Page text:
Sunday, October 21, 2012

The Ax Fight (1975)




During Friday's introduction of the Museum of Non-Participation, Amy Kazymerchyk mentioned Brad Butler's research interest in experimental ethnography, which immediately brought to mind a film we were shown in my second year Cultural Anthropology class, a film most undergraduates in anthropology are familiar with.

The Ax Fight (1975) by Tim Asch, Patsy Asch and evolutionary anthropologist Napoleon Chagnon is a thirty minute film about a 1971 conflict that takes place in a Yanomami village in Southern Venezuela. Chagnon, who by then was well-known for his fieldwork among the Yanomamo (his Yanomamo: The Fierce People, 1968, remains the biggest-selling ethnography of all-time), described the Yanomami he studied as in a state of "chronic war," a situation/condition that today's world leaders continue to foster as a means of social control -- namely through fear.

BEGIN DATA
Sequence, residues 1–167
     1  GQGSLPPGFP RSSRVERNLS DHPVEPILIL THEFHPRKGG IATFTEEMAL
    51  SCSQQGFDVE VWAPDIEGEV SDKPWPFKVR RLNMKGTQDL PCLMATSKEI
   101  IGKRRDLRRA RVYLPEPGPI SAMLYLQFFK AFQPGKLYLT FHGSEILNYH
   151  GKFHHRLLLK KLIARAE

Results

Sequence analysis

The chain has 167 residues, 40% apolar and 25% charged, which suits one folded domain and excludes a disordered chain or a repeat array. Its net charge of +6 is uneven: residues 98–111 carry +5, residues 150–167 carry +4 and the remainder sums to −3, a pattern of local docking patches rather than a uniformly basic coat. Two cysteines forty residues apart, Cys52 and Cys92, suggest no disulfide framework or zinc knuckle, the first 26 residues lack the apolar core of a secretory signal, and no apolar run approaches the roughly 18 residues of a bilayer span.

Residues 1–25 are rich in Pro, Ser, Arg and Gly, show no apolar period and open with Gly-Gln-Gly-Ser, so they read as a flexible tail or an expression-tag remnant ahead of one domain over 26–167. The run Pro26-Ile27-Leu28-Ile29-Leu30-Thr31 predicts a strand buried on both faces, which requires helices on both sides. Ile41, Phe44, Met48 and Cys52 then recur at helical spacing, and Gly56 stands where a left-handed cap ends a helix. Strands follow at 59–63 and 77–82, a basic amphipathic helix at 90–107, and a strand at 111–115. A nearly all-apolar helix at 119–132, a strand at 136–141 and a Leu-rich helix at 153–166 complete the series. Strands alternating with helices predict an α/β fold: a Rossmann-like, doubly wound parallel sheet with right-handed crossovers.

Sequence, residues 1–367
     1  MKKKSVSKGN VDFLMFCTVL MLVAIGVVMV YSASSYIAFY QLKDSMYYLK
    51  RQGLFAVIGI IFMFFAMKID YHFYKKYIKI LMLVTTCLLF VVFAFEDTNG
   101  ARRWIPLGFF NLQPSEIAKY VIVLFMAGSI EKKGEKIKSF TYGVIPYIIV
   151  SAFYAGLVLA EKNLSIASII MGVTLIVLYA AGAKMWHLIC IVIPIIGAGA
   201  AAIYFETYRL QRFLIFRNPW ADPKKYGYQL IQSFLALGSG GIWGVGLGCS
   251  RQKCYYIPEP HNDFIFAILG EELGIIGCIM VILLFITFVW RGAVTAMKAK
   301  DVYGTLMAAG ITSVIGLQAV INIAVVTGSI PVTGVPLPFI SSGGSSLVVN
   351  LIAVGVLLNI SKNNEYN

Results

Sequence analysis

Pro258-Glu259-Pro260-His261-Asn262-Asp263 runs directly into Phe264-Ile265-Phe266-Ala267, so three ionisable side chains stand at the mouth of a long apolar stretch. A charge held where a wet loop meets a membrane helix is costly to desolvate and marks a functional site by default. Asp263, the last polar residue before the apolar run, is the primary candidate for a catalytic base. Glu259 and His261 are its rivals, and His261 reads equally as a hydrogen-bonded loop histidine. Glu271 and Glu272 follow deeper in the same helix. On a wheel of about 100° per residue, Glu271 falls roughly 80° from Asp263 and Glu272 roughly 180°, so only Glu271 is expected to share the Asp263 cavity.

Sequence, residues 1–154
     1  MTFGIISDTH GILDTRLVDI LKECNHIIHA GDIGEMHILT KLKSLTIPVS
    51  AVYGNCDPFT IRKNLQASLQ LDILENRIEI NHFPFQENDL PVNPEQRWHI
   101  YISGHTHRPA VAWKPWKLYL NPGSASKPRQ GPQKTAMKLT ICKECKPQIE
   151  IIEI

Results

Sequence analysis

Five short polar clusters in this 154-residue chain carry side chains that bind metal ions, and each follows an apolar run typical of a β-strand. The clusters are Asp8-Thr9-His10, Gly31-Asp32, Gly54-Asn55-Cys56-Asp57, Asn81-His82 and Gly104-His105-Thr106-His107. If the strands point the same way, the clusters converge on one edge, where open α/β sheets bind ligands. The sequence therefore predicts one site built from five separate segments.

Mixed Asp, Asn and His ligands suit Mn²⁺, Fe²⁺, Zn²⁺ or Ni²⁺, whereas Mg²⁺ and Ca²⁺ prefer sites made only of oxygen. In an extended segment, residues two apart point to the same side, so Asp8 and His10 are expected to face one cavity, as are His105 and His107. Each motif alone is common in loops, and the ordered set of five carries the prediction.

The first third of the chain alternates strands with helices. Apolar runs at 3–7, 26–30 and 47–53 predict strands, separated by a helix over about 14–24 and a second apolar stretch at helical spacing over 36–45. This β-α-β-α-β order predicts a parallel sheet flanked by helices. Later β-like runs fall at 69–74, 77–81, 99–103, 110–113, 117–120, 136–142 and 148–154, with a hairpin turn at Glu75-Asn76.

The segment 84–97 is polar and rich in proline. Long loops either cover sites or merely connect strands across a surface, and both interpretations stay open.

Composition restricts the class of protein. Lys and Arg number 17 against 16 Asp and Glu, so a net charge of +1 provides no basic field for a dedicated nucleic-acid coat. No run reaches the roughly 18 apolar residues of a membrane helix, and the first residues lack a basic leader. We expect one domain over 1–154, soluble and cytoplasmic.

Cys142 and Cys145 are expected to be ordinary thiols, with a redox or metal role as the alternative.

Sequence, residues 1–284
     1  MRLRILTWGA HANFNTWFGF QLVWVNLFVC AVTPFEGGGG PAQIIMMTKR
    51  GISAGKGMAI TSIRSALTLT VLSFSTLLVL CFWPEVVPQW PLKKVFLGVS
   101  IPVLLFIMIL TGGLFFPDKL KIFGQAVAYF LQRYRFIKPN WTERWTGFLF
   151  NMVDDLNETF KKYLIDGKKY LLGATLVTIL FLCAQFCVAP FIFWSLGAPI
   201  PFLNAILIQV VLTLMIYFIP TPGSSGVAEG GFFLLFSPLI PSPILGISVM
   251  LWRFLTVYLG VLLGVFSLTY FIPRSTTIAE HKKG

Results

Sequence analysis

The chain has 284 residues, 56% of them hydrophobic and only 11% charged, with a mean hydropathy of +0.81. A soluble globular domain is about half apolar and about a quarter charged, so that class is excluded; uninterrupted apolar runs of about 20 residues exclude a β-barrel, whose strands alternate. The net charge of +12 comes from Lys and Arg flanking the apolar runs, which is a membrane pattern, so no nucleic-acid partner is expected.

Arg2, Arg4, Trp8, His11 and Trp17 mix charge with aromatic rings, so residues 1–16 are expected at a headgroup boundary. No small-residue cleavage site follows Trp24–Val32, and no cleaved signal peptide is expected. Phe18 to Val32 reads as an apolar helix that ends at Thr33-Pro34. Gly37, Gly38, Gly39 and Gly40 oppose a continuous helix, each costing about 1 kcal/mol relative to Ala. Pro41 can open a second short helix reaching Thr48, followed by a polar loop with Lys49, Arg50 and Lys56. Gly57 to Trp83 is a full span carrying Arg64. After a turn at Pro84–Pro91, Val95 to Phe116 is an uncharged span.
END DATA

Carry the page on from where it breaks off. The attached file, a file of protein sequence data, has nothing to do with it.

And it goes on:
While watching The Ax Fight again this morning I recalled the first question asked of the Museum of Non-Participation after Friday's screening of Deep State, which concerned the subject position of the camera and the videomakers' relative absence from the work -- a question they responded to by talking about how tired their bodies were at the time their video was made. In The Ax FIght, the response by the Asches and Chagnon is most apparent, and provides its own related stream.

1 comment:

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